Herpes is a general term used to describe infections caused by the herpes simplex virus (HSV). Oral herpes, typically caused by HSV-1, presents as cold sores on or in the mouth. Genital herpes, a sexually transmitted disease, is usually caused by HSV-2. Herpes is spread by skin contact with the virus. There is no cure, but outbreaks of both oral and genital herpes can be managed with antiviral therapy.

    Frequently Asked Questions

    • What does herpes look like?

      Herpes presents as open, blistery, or crusted sores in or around the mouth or genitals. The sores may itch or burn and often occur in clusters of small fluid filled sacs that break open and weep.

    • Are cold sores herpes?

      Yes, cold sores are oral herpes, which is commonly caused by herpes simplex virus-1 (HSV-1). HSV-1 is spread through kissing or nonsexual contact with saliva. It commonly first occurs during childhood.

    • How far away is a cure for herpes?

      Currently there is no cure for the herpes simplex virus. The symptoms can be managed with antiviral medications. After decades of research, scientists are slowly making progress. A 2019 study identified a new mechanism that appears to play a role in controlling how the virus alternates between dormant and active stages of infection. This new finding could be the key to a cure.

    • How do you get genital herpes?

      Genital herpes is a sexually transmitted infection caused by one of two strains of the herpes simplex virus (HSV) that is spread through vaginal, anal, or oral sex. Traditionally, HSV-1 was limited to oral herpes and HSV-2 caused genital herpes, however, slightly more than half of all cases of genital herpes are currently caused by HSV-1, likely due to unprotected oral sex.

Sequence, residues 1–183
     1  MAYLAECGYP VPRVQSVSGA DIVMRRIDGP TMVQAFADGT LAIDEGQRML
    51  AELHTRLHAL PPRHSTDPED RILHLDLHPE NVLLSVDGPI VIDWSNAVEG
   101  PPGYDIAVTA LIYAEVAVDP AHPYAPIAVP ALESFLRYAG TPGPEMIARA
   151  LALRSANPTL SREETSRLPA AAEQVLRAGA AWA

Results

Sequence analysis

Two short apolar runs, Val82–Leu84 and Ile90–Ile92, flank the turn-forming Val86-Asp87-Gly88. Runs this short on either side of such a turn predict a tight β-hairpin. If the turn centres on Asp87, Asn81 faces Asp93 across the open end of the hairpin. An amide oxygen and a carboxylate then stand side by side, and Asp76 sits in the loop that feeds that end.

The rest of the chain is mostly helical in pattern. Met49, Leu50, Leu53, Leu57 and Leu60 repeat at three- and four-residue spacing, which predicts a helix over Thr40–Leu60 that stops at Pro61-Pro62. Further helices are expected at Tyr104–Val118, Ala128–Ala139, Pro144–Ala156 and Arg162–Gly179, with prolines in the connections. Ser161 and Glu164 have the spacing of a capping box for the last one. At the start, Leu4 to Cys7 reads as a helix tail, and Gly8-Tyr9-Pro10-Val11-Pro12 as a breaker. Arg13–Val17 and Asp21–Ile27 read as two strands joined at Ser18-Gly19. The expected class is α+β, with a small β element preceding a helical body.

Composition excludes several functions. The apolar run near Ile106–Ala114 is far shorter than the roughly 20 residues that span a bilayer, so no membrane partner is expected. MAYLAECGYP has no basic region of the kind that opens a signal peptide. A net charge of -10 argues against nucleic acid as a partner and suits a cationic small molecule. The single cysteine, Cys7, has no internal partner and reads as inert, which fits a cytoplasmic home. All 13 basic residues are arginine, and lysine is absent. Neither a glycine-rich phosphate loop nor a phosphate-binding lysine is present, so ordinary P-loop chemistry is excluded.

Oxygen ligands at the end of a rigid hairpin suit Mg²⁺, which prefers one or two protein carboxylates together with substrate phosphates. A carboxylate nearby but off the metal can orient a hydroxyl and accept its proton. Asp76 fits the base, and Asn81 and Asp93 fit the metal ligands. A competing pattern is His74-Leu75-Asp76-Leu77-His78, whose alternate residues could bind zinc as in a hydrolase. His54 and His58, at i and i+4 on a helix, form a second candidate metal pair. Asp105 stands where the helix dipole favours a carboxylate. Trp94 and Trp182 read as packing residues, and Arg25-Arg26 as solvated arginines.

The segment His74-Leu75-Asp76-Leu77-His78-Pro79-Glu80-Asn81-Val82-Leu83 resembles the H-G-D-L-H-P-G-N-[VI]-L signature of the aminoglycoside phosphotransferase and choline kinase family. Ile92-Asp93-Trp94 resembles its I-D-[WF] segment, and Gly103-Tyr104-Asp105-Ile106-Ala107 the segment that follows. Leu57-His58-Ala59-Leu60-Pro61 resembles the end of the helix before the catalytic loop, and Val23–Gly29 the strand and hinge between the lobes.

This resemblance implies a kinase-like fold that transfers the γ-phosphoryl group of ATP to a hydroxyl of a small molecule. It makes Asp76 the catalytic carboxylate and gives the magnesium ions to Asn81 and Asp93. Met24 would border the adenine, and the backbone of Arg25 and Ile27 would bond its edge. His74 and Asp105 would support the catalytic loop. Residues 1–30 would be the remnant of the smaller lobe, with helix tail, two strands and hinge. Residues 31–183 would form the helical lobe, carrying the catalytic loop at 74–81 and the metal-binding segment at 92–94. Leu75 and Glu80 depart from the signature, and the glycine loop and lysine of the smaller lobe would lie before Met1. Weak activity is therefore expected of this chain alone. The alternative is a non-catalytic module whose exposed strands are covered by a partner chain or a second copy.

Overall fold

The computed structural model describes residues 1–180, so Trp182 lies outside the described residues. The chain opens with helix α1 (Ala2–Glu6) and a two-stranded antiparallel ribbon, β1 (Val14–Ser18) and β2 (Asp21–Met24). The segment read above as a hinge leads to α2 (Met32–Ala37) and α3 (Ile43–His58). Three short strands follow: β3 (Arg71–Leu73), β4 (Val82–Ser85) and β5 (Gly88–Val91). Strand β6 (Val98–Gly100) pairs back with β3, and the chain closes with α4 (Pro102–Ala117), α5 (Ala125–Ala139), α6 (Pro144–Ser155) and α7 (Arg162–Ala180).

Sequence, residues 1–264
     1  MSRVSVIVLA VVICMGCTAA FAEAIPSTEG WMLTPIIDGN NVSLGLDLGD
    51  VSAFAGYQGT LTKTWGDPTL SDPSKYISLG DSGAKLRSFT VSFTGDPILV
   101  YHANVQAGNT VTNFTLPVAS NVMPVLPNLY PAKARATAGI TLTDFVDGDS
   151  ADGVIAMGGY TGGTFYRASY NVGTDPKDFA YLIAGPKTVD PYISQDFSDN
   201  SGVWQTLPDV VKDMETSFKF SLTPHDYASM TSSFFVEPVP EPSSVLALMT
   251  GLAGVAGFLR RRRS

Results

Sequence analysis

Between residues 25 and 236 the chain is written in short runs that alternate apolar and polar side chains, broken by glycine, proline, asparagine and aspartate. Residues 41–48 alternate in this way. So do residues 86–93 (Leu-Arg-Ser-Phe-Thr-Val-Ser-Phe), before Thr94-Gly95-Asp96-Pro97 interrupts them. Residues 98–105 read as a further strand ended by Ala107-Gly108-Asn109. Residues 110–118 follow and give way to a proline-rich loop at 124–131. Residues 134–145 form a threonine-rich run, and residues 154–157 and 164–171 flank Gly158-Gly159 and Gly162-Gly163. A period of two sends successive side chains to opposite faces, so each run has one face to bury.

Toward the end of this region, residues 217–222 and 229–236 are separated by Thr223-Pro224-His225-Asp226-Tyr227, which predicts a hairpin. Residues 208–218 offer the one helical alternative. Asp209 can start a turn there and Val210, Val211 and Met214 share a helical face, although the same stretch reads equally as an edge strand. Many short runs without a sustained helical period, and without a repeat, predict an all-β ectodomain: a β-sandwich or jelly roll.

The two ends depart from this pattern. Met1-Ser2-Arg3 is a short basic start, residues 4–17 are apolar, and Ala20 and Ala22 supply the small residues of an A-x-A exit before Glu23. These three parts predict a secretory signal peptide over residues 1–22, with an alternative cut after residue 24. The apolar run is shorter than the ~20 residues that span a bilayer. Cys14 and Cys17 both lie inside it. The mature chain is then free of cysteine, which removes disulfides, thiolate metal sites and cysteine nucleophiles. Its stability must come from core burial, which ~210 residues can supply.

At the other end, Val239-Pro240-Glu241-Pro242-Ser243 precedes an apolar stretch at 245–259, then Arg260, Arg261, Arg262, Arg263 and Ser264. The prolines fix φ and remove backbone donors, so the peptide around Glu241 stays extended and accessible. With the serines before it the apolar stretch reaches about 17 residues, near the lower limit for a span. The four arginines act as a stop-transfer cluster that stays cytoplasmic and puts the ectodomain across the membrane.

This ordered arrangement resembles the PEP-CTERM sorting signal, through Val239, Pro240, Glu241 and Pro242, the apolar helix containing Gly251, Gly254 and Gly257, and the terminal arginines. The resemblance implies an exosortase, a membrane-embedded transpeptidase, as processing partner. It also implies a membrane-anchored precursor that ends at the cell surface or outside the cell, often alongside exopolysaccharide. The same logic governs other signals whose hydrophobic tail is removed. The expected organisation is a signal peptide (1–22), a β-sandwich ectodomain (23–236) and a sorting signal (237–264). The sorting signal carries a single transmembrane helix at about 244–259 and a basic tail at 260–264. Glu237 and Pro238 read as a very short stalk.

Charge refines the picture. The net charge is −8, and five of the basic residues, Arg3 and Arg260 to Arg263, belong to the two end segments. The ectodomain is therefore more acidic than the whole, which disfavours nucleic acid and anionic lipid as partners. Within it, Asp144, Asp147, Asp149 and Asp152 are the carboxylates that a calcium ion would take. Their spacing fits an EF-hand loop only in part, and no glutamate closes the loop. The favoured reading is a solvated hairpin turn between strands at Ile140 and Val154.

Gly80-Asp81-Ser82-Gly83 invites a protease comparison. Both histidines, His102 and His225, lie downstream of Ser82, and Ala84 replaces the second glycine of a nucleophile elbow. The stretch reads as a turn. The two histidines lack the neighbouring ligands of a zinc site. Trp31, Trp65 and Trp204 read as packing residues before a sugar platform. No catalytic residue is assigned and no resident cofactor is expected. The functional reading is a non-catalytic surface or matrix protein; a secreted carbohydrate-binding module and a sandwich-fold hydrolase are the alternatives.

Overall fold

• How long does a herpes outbreak last?

      The first outbreak of genital herpes may last two to four weeks. Subsequent outbreaks are typically less severe than the initial outbreak and heal more quickly. Recurrent attacks typically only last three to seven days.

    • Can you get herpes from kissing?

      Herpes simplex virus 1, commonly known as oral herpes or cold sores, is spread through contact with the skin or saliva of an infected person, which means, yes, you can get herpes from kissing. Genital herpes, which is caused by herpes simplex virus 2, on the other hand, is not transmitted through kissing, though it can be spread through oral sex.

    • Does herpes itch?

      Yes, herpes outbreaks can cause painful, weeping sores and blisters that can itch and may burn. In fact, the first symptom of an outbreak is often a tingling sensation followed by itching. As the sores break, the itching is replaced with pain. Outbreaks can be treated with oral or topical antiviral medications. Applying a hot or cold compress to the affected area can help to calm the itch.

    Key Terms

    A Closer Look at Herpes Lesions in the Skin

    Explore an interactive model that shows a cross-section of human skin, and how herpes lesions can develop in its outermost section, the epidermis.

    Page Sources
    Verywell Health uses only high-quality sources, including peer-reviewed studies, to support the facts within our articles. Read our editorial process to learn more about how we fact-check and keep our content accurate, reliable, and trustworthy.
    1. Centers for Disease Control and Prevention. Genital Herpes - CDC fact sheet (detailed).

    2. U.S. National Library of Medicine: MedlinePlus. Cold sores. Updated September 29, 2020.

    Additional Reading